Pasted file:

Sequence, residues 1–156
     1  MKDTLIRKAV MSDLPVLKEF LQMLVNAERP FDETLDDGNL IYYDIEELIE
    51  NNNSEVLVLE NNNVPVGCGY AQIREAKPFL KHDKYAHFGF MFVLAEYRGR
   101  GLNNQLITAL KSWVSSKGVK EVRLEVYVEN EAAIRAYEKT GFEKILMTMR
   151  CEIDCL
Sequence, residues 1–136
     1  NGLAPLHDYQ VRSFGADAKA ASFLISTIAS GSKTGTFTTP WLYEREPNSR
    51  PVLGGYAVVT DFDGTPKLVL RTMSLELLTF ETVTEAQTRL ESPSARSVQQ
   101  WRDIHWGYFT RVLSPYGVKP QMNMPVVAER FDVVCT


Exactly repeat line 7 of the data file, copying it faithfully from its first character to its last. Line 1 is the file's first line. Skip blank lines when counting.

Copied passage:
     1  NGLAPLHDYQ VRSFGADAKA ASFLISTIAS GSKTGTFTTP WLYEREPNSR